Section Name: Allegheny Mountains Section
Section Code: M221B Occurrence Status: Confident or certain
Section Name: Blue Ridge Mountains Section
Section Code: M221D Occurrence Status: Confident or certain


Vegetation

Vegetation Summary: A tall-shrub layer is characterized by abundant Vaccinium corymbosum plus Gaylussacia baccata, Chamaedaphne calyculata, Kalmia angustifolia, Rhododendron canadense, Lyonia ligustrina, and Nemopanthus mucronatus in more northern or cooler microclimates, and Ilex verticillata and Rhododendron viscosum in the south. In locally wetter areas, Cephalanthus occidentalis or Decodon verticillatus can occur. Sparse, scattered trees may occur, including Acer rubrum, Picea mariana, Larix laricina, Pinus strobus, Pinus rigida, Betula populifolia, or Nyssa sylvatica, with species dependent on environmental setting. The herbaceous layer tends to be sparse, although can be locally abundant. Common herbs include Osmunda cinnamomea, Woodwardia virginica, Carex trisperma, Sarracenia purpurea, Thelypteris palustris, Triadenum virginicum, and Maianthemum trifolium. Sphagnum mosses blanket well-developed hummocks and hollows, including Sphagnum magellanicum, Sphagnum centrale, Sphagnum rubellum, Sphagnum capillifolium, Sphagnum fimbriatum, and Sphagnum fuscum.

Vegetation Composition (incomplete)
Species Name Rounded Global Status Growth Form Stratum Charact-
eristic
Dominant Constant
Cover Class %
Con-
stancy
%
Gaylussacia baccata G4 Broad-leaved deciduous shrub Tall shrub/sapling    
 
 
Lyonia ligustrina G4 Broad-leaved deciduous shrub Tall shrub/sapling  
 
 
Rhododendron viscosum G4 Broad-leaved deciduous shrub Tall shrub/sapling    
 
 
Vaccinium corymbosum G4 Broad-leaved deciduous shrub Tall shrub/sapling  
 
 
Chamaedaphne calyculata G4 Broad-leaved evergreen shrub Tall shrub/sapling  
 
 
Osmunda cinnamomea G4 Fern (Spore-bearing forb) Herb (field)    
 
 
Woodwardia virginica G4 Fern (Spore-bearing forb) Herb (field)    
 
 


Environmental Setting

Wetland Indicator: Y
Environmental Summary: This tall-shrub bog thicket occurs on oligotrophic to weakly minerotrophic peat soils, commonly as a border thicket around more open dwarf heath shrub peatlands or within small, isolated basins. Significant seasonal water level fluctuation can occur, especially in isolated basins without inlet or outlet streams.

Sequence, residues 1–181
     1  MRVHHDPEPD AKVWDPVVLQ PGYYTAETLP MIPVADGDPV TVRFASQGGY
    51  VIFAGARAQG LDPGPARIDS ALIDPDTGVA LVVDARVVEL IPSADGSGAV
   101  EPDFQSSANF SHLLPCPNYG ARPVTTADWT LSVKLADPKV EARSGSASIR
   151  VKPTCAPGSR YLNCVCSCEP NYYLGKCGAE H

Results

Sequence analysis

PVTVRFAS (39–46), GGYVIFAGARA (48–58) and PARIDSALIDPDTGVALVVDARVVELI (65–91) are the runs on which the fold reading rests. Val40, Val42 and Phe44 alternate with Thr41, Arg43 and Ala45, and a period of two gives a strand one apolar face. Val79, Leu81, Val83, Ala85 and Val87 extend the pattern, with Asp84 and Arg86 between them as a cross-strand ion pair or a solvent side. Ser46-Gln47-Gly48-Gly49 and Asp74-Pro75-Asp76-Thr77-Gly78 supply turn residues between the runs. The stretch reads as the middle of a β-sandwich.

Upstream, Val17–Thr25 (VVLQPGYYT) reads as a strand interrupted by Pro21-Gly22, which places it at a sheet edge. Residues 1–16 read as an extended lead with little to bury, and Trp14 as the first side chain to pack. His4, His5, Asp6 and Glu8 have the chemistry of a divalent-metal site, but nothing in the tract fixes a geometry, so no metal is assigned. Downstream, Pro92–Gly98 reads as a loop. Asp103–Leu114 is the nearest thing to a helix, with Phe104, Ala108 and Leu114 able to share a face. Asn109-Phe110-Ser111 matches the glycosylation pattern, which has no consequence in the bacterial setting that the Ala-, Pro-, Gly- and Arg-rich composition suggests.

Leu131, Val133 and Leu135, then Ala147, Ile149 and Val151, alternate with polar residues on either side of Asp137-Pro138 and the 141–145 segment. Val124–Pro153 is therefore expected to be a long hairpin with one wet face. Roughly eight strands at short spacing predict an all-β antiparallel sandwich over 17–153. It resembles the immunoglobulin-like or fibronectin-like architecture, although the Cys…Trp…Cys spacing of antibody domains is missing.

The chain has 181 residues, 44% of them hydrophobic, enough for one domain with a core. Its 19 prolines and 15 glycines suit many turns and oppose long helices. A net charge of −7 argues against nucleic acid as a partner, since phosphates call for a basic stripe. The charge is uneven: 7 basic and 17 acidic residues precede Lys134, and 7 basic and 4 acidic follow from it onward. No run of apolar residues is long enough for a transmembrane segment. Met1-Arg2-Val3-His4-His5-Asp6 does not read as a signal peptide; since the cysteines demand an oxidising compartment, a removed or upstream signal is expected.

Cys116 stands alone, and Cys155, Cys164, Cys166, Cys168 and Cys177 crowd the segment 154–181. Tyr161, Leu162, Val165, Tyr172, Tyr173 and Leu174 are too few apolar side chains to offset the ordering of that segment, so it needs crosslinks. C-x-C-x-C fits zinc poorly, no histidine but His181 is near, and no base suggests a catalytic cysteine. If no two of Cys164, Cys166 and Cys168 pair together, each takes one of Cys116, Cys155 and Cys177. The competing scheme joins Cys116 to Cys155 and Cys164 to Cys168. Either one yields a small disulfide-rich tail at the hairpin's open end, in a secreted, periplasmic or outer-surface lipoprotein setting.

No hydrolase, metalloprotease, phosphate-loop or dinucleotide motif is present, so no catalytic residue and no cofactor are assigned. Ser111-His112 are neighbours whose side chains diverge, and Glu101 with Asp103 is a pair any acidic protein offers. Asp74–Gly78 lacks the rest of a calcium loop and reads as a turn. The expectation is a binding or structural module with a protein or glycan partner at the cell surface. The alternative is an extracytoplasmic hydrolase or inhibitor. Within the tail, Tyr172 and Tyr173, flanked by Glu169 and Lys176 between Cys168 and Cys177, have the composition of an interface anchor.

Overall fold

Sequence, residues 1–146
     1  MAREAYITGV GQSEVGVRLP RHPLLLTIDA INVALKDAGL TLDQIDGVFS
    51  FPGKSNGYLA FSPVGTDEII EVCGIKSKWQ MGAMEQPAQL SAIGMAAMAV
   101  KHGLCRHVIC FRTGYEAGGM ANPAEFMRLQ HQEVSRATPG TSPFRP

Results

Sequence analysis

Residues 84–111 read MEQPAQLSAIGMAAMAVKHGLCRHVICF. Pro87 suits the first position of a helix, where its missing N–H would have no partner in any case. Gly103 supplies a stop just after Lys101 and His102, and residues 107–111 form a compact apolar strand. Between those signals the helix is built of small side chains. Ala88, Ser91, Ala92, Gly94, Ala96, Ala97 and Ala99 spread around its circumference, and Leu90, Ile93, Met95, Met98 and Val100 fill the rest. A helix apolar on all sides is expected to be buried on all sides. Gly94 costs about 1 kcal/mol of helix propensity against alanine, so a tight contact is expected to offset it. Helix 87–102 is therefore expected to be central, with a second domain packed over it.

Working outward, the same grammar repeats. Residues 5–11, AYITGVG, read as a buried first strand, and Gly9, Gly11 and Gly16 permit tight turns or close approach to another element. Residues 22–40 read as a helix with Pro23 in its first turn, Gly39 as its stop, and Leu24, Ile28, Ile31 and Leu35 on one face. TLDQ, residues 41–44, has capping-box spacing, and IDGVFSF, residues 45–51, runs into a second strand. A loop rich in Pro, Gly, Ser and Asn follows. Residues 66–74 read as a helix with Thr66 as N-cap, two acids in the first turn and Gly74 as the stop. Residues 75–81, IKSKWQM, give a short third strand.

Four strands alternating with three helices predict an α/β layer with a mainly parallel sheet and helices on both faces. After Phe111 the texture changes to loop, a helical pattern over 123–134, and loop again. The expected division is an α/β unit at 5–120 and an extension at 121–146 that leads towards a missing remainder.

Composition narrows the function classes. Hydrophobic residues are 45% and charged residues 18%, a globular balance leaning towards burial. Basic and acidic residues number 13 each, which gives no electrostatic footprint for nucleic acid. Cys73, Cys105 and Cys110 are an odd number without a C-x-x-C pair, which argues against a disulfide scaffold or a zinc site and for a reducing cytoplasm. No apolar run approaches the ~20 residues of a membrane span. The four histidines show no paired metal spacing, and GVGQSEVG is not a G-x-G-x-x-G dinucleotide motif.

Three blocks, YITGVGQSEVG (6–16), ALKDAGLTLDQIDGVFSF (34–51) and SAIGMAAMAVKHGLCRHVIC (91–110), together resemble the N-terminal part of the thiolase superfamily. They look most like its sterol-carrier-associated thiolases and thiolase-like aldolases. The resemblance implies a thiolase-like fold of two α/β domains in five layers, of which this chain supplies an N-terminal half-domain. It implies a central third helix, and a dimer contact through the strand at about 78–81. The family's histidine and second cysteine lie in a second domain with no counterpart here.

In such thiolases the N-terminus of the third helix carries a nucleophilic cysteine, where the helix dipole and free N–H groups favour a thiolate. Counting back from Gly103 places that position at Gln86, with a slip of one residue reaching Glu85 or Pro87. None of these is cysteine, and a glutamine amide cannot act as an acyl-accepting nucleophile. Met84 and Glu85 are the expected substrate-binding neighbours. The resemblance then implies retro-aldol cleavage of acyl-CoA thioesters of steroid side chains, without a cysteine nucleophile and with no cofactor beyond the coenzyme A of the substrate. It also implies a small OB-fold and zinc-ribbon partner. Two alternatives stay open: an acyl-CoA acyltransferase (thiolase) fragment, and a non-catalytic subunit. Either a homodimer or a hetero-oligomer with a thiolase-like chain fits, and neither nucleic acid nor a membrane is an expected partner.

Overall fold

Dynamic Processes


Plot Sampling & Classification Analysis

Plots stored in VegBank


Authors/Contributors
Concept Author(s): Eastern Ecology Group
Element Description Edition Date: 21Jun2006
Element Description Author(s): S.L. Neid and S.C. Gawler
NatureServe Conservation Status Factors Edition Date: 20May2011
NatureServe Conservation Status Factors Author(s): L.A. Sneddon

Ecological data developed by NatureServe and its network of natural heritage programs (see Local Programs) and other contributors and cooperators (see Sources).


References
  • Breden, T. F. 1989. A preliminary natural community classification for New Jersey. Pages 157-191 in: E. F. Karlin, editor. New Jersey's rare and endangered plants and animals. Institute for Environmental Studies, Ramapo College, Mahwah, NJ. 280 pp.

  • Breden, T. F., Y. R. Alger, K. S. Walz, and A. G. Windisch. 2001. Classification of vegetation communities of New Jersey: Second iteration. Association for Biodiversity Information and New Jersey Natural Heritage Program, Office of Natural Lands Management, Division of Parks and Forestry, New Jersey Department of Environmental Protection, Trenton.

  • CAP [Central Appalachian Forest Working Group]. 1998. Central Appalachian Working group discussions. The Nature Conservancy, Boston, MA.

  • Conard, H. S. 1935. The plant associations of central Long Island. The American Midland Naturalist 16:433-516.

  • Damman, A. W. H., and T. W. French. 1987. The ecology of peat bogs of the glaciated northeastern United States: A community profile. USDI Fish & Wildlife Service Biological Report 85(7.16). 100 pp.

  • Eastern Ecology Working Group of NatureServe. No date. International Ecological Classification Standard: International Vegetation Classification. Terrestrial Vegetation. NatureServe, Boston, MA.

  • Edinger, G. J., D. J. Evans, S. Gebauer, T. G. Howard, D. M. Hunt, and A. M. Olivero, editors. 2014a. Ecological communities of New York state. Second edition. A revised and expanded edition of Carol Reschke's ecological communities of New York state. New York Natural Heritage Program, New York State Department of Environmental Conservation, Albany, NY.